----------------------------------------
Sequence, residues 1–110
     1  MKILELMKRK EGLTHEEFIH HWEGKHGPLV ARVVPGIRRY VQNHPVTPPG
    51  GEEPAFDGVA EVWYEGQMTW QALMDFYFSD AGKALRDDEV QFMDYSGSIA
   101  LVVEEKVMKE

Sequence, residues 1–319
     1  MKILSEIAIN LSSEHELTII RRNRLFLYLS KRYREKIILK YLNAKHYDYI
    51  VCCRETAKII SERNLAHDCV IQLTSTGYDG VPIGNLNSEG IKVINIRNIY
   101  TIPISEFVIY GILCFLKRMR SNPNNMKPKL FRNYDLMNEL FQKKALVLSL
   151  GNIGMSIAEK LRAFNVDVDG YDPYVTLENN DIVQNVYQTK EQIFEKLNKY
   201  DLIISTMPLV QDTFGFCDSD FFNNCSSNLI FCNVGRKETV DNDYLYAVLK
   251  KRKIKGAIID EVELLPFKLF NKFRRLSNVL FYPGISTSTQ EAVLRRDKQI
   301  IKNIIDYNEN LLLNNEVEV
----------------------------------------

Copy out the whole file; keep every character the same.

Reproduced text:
Sequence, residues 1–110
     1  MKILELMKRK EGLTHEEFIH HWEGKHGPLV ARVVPGIRRY VQNHPVTPPG
    51  GEEPAFDGVA EVWYEGQMTW QALMDFYFSD AGKALRDDEV QFMDYSGSIA
   101  LVVEEKVMKE

Sequence, residues 1–319
     1  MKILSEIAIN LSSEHELTII RRNRLFLYLS KRYREKIILK YLNAKHYDYI
    51  VCCRETAKII SERNLAHDCV IQLTSTGYDG VPIGNLNSEG IKVINIRNIY
   101  TIPISEFVIY GILCFLKRMR SNPNNMKPKL FRNYDLMNEL FQKKALVLSL
   151  GNIGMSIAEK LRAFNVDVDG YDPYVTLENN DIVQNVYQTK EQIFEKLNKY
   201  DLIISTMPLV QDTFGFCDSD FFNNCSSNLI FCNVGRKETV DNDYLYAVLK
   251  KRKIKGAIID EVELLPFKLF NKFRRLSNVL FYPGISTSTQ EAVLRRDKQI
   301  IKNIIDYNEN LLLNNEVEV